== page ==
What made you decide to start Pinkster Gin?
The catalyst was when I realised that wine and beer no longer agreed with me. I’d long been a a keen maker of sloe liqueurs and other concoctions, so I turned my attention to spirits and started experimenting at home, mashing assorted fruits with different spirit strengths. I was really looking to create a gin that could be enjoyed with food.
How did you get from the idea to the finished product?
Slowly. I didn’t set out to make a pink drink but after working my way through an entire fruit bowl, I discovered that raspberry delivered the best flavour profile. What started out as a hobby turned into a business over the course of a fair few years. We launched Pinkster in 2013 after finessing the recipe, product testing, consumer sampling, raising finance and agreeing the design and brand identity. Haven’t looked back since, to be honest.
Can you tell us about the distillery and distillation process?
The core spirit is distilled by G&J, one of the world’s oldest distillers, to our original recipe with five botanicals. We then add another three botanicals including fresh, plump raspberries grown locally to our HQ outside Cambridge.
What is a normally day like for you at Pinkster Gin?
The great thing about a small business that’s growing fast is that there’s no normal day. Whether talking to our general manager in Australia, plotting sales strategy or driving across the country to trade fairs, it’s all hands on deck. And that’s what makes it so exciting, especially when you think five years ago I was a chartered accountant having a mild midlife crisis!
How would you describe Pinkster Gin in 3 words?
Pink, quirky, scrumptious.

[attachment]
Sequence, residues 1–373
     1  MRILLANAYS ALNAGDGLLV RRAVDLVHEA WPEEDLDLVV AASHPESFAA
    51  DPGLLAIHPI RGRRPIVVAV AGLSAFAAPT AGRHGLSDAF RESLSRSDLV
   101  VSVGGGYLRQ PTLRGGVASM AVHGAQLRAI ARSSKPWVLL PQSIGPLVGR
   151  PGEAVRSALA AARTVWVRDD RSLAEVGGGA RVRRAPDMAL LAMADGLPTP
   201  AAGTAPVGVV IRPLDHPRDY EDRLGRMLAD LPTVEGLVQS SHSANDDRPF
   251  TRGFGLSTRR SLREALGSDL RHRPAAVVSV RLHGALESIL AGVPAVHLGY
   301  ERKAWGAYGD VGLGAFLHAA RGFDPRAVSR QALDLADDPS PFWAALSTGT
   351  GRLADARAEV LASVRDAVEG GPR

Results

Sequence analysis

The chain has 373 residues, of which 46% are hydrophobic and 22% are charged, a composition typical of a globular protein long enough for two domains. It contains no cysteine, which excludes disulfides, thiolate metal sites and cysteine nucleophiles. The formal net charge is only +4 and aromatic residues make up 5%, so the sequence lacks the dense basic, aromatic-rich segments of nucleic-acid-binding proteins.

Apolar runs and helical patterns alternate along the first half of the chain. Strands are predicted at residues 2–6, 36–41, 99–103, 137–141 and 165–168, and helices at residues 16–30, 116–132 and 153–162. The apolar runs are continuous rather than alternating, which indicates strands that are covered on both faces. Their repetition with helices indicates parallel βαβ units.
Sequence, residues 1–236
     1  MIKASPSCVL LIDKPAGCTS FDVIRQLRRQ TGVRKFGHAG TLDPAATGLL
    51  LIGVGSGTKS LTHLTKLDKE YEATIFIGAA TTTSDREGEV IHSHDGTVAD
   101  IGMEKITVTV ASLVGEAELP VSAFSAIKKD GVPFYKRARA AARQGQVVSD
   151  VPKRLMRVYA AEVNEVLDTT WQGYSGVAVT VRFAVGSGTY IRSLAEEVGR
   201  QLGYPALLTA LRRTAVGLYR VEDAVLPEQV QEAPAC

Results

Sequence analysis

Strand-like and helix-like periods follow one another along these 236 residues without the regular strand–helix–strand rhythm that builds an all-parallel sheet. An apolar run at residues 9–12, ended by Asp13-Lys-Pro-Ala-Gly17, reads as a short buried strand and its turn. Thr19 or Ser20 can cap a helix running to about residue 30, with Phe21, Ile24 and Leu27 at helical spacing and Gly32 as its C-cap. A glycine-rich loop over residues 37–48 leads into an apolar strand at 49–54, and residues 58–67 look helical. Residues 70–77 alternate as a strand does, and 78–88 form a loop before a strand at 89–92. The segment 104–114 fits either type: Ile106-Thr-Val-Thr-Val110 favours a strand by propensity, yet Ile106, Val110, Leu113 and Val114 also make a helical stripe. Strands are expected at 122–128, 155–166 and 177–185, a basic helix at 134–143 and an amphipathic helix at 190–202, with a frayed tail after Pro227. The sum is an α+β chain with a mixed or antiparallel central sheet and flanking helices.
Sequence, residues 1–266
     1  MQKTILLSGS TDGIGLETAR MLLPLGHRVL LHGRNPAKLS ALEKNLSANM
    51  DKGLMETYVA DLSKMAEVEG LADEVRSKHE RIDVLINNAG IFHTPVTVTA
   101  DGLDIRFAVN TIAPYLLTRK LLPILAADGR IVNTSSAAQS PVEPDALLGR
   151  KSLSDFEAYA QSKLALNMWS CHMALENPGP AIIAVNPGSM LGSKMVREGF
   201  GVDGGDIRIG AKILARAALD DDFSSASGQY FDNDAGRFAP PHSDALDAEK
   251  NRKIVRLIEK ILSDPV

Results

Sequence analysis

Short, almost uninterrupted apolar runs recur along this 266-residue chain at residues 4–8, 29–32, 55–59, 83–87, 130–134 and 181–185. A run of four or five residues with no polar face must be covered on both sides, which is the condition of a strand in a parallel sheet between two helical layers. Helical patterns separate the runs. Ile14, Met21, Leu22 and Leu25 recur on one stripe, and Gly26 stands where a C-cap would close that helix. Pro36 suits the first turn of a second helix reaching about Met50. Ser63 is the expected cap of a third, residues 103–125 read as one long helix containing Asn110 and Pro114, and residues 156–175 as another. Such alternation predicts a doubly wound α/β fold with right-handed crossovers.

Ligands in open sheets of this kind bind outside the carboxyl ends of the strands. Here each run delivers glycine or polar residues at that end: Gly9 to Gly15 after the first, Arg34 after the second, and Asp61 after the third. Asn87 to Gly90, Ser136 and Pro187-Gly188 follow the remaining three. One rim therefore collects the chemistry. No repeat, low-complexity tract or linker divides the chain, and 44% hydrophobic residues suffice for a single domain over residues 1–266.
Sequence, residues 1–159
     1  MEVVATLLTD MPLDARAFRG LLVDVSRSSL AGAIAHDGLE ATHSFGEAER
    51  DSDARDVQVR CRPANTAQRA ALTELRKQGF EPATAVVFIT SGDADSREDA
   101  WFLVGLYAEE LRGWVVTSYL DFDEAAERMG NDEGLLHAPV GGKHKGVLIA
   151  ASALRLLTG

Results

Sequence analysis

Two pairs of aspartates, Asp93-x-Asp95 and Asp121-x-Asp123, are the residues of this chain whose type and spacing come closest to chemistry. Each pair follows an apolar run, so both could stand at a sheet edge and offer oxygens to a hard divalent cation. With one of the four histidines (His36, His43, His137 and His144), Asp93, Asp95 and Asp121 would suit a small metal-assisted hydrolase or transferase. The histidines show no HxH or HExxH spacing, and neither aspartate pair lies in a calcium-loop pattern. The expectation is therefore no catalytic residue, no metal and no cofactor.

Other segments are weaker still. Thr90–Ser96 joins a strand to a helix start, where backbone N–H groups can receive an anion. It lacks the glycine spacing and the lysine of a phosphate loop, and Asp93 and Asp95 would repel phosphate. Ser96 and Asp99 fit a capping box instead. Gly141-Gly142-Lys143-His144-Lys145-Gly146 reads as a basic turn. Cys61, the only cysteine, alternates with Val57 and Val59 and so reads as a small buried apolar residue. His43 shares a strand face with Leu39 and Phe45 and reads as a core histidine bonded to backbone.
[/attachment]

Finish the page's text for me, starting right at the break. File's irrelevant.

What makes Pinkster Gin different to other gins?
Our real point of difference are the raspberries which give the gin its pink hue and delicate flavour. Deliciously dry with a hint of fruit and an exceptionally smooth finish, Pinkster makes a refreshingly different G&T when served with a raspberry and a sprig of fresh, well-spanked mint.
What is your favourite way to serve Pinkster Gin?
In a Pinktini; shaken with fresh raspberries and a dash of elderflower cordial instead of vermouth and then poured into a cold martini glass.
What are you favourite gins (other than you own of course!)?
I am rather partial to Monkey 47 Gin.
What's next for you and Pinkster Gin?
Onwards and upwards as we continue to improve our distribution in the UK, so that people can easily track down a bottle. We’ve just launched Gin Jam, made with inebriated raspberries left over from making Pinkster. Guaranteed to put the tipple in your tea-time, this natural by-product is flying off the shelves. Whilst Pinkster remains the main focus for the business, we are exploring one or two fruity liqueurs, so watch this space.